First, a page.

The question I'm asking now is, will doing the decent thing increase my chances of winning a copy for myself?

Thursday, 5 July 2007

‘The Atrocity Archives’ – Charles Stross (Orbit Books)

Do you work in an office? Do you spend your day trying not to catch the boss’ eye just in case he dumps more work on your desk? I know the feeling. Still, it’s better than having to do the extra work for little or no recognition… isn’t it?
Bob Howard didn’t think so, he was tired of dealing with broken down servers and password resets so put in a request for active service in the field. Bob doesn’t work in any old office though. When you’re working for a secret government agency (the ‘Laundry’) that defends the UK against dimensional incursions (through misuse of maths), ‘active service’ can involve Lovecraftian monsters, dimension-hopping Nazis and a ‘Medusa-hybrid’ CCTV system. Even this can be better than staying in the office though, especially an office where audits and quality control take on a murderous twist and you really don’t want to know what the disciplinary procedure involves…
If the number of fresh ideas (crammed into 300 pages) is anything to go by, Charles Stross must be bouncing off the walls trying to get them all onto paper. The pace is frantic and I guarantee that if you blink you will miss something. Maybe there is a little too much ‘info-dumping’, and in some cases assumptions are made on the readers general knowledge, but I am already looking forward to the re-read so I can get things straight in my head. If you’ve ever worked in an office then you will meet characters in the book that you’ve worked with in real life, especially if you work for the government. If you’ve ever shared a house with slightly weird housemates then you will wince (and laugh a little) at Bob’s experiences with Pinky and the Brain. A tight, fast paced plot (split into two short stories, novellas?) leaves the reader guessing and rounds off a book that has something for everyone. Maybe it is a little too densely packed but you’ll be enjoying it too much to really notice.
If conspiracy theory is as exciting as this then I wouldn’t want to live Bob’s life but I’m glad that I get to read about it. I’d love to see more books about Bob, and the ‘Laundry’, but given the number of different stories that Charles has written already I’m not sure what the chances are of another ‘Bob Howard Book’ being published. This is a real shame but I’ll be looking out for other books by Charles Stross in the meantime.

Nine out of Ten

Tuesday, 3 July 2007

'Saturn Returns' Competition. Now bigger and better than ever!

Yesterday, I announced a competition to win a copy of 'Saturn Returns' by Sean Williams, a good book that's well worth reading. It turns out that a lot can change in a day and that includes this competition...
It's not just one book that I'm giving away, thanks to Orbit Books I now have ten copies of 'Saturn Returns' for ten lucky people. Not only that but they are signed copies as well. Sounds good doesn't it? I thought it might... I'll be announcing the winners next Monday so there's still plenty of time to enter (send me an email at the above address).
Good luck folks!

Monday, 2 July 2007

‘Saturn Returns’ – Sean Williams (Orbit Books), Review and Giveaway!

Do you judge a book by its cover? I used to and would never pick up a book where the cover looked like it had been made out of tin foil. I realised I was wrong when I started reading Richard Morgan’s books and found that there were actually some great books hidden behind silvery shiny covers. I’ve just finished reading ‘Saturn Returns’ and it’s the same again, a lovely shiny cover and a great little story inside.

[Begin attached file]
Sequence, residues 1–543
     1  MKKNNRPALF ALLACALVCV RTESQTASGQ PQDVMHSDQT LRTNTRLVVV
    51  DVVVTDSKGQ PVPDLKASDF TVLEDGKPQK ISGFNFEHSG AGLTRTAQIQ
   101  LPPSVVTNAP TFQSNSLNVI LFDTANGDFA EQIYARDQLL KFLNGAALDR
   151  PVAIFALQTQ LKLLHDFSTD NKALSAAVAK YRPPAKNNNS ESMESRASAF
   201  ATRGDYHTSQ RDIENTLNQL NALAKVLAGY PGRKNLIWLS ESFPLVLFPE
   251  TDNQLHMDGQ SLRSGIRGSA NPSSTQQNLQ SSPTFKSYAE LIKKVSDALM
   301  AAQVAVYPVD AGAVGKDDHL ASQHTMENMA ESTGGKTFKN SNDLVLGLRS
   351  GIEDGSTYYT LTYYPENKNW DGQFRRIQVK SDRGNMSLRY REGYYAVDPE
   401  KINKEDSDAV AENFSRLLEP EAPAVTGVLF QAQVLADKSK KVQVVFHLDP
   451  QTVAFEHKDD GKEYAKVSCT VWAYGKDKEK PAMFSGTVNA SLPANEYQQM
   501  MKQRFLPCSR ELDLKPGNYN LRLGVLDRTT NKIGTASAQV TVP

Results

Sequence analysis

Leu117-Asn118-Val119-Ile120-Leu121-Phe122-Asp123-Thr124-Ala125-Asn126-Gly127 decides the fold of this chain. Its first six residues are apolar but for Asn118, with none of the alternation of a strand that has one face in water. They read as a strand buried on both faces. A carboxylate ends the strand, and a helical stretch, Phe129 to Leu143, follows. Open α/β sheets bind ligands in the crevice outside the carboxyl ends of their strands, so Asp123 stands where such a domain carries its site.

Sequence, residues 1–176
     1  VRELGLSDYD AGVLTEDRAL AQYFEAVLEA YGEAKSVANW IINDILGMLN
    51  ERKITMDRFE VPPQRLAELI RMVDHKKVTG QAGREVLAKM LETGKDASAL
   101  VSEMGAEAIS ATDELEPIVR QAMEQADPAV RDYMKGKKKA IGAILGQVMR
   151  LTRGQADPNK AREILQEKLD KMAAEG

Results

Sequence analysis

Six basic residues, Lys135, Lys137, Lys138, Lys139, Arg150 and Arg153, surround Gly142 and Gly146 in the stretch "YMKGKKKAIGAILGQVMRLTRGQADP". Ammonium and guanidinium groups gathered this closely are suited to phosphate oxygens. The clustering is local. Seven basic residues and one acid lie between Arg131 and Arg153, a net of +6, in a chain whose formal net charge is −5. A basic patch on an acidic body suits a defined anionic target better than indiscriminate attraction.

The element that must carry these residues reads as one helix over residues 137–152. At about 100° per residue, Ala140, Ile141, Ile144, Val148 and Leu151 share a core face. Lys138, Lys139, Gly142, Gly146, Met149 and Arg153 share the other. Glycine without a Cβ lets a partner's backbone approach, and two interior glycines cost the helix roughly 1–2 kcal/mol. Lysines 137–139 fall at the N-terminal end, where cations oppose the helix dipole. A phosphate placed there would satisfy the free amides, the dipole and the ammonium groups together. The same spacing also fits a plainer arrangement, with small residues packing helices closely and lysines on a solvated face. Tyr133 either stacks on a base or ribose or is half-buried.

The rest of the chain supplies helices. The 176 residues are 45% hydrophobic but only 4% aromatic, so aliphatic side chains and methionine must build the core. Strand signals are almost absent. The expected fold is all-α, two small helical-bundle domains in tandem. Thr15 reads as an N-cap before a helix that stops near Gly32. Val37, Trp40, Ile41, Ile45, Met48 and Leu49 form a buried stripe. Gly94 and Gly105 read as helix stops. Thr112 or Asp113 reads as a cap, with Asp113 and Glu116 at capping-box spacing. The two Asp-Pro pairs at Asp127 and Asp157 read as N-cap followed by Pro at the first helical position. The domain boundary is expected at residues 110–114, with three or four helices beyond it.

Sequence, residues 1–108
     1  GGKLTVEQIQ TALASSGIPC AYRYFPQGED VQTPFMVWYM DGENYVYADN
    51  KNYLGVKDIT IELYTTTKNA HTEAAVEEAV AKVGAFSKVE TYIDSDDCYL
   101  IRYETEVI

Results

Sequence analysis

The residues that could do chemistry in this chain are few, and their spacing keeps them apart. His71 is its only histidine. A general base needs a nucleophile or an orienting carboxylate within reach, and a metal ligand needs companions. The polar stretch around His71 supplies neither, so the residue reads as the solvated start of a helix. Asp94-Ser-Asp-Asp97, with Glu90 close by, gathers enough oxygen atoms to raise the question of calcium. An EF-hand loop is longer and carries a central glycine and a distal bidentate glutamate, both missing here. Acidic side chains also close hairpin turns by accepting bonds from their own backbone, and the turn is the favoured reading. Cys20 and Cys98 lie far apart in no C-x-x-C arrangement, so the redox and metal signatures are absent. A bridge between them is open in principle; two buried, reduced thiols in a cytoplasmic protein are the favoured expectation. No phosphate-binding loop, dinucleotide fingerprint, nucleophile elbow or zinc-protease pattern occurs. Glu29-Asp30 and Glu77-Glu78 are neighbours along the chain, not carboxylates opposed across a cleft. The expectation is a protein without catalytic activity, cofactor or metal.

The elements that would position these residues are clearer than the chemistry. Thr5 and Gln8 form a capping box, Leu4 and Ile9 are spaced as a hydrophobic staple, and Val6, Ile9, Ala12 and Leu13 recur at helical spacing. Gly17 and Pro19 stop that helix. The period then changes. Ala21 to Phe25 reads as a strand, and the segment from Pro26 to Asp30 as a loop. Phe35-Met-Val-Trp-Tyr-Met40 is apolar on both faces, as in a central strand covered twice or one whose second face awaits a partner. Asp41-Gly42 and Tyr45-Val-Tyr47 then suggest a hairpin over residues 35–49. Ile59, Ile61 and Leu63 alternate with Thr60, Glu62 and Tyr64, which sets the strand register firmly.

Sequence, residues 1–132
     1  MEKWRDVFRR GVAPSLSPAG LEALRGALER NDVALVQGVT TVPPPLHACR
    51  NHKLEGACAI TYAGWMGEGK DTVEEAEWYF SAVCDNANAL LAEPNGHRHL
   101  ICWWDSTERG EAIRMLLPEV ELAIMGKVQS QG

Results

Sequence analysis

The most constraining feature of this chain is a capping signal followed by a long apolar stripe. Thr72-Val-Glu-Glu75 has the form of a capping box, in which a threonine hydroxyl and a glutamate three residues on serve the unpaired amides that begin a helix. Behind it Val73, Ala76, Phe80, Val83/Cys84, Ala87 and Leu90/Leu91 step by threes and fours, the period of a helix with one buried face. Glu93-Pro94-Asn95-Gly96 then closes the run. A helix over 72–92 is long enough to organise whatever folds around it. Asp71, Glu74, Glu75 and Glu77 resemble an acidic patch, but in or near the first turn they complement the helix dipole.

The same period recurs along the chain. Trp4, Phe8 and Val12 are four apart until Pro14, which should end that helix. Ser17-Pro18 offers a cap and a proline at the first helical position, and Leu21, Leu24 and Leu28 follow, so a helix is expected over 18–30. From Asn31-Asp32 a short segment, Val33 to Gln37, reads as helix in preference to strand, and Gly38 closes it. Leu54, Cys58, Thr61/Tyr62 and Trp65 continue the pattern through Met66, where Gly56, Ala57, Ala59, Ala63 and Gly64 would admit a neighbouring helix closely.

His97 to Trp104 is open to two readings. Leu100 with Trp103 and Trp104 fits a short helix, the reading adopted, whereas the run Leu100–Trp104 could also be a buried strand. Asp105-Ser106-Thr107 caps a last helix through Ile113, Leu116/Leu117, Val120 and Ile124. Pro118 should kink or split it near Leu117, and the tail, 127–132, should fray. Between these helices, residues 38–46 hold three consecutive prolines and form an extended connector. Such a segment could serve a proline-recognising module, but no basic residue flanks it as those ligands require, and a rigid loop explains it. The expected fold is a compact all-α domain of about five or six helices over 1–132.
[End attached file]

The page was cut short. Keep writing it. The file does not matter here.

Imre Bergamasc used to be a mercenary commander fighting wars across the galaxy of the 879th Millennium. He can’t remember what happened in the intervening time but he now finds himself resurrected (from the remnants of a partially destroyed time capsule) by a Hive Mind and sitting rather uncomfortably in the body of a woman. Imre’s quest for answers will lead him across a galaxy wracked by civil war in the aftermath of a disaster that he was either trying to stop or he is ultimately responsible for. His old team-mates (from the mercenary Corps) are on hand to help, or are they? Imre didn’t part from them on good terms and their own agendas will come to light in the most unexpected of places…
With science fiction; it seems that the more space travel a character needs to undertake, the ‘harder’ the tone will be. This is certainly the case here with characters handily able to adjust their body tempo, in order to travel vast distances, and talk of the complexity of sending communications across the galaxy. I’m not a fan of ‘hard sci-fi’ and will admit that any talk of ‘relativity’ or ‘the warping affects of a neutron star’s gravitational field’ send me into a little daydream until someone fires a laser gun and gets things going again. There is some of that here but luckily (for me anyway) the ‘detective element’ of the story was gripping enough to keep me going. Who killed Imre and why are they trying to kill him again?
Given the vastness of the space, in which events occur, the world building is understandably sparse but enough background history is introduced so as not to leave the reader flailing (the Appendices at the back are pretty handy too!) The key theme of identity (in a time where you can make copies of yourself in order to experience more) is introduced and elaborated on through various arguments between characters. None of them are particularly likeable but I found this debate interesting enough to want to see how it develops in future books (this being the first in a series).
‘Saturn Returns’ ties up enough loose ends to give a satisfying sense of closure while leaving the broader plot strands to run on into later books. The direction that our disparate crew head in seems to come somewhat out of the blue (didn’t make sense to me, given the story) but I think this will shape up to be one of the better sci-fi series that are out there.
Worth a look if you like your sci-fi that little bit harder or if you’re a fan of Gary Numan (read it and see what I mean).

Seven and a Half out of Ten

Win a copy of ‘Saturn Returns’

What do you reckon? Fancy a read without actually having to part with any money for it? I thought so… Drop me an email (address at the top of the screen) and tell me who you are, where you live and what forums you like to hang out in. I’ll let you know who won next Monday…
Good luck!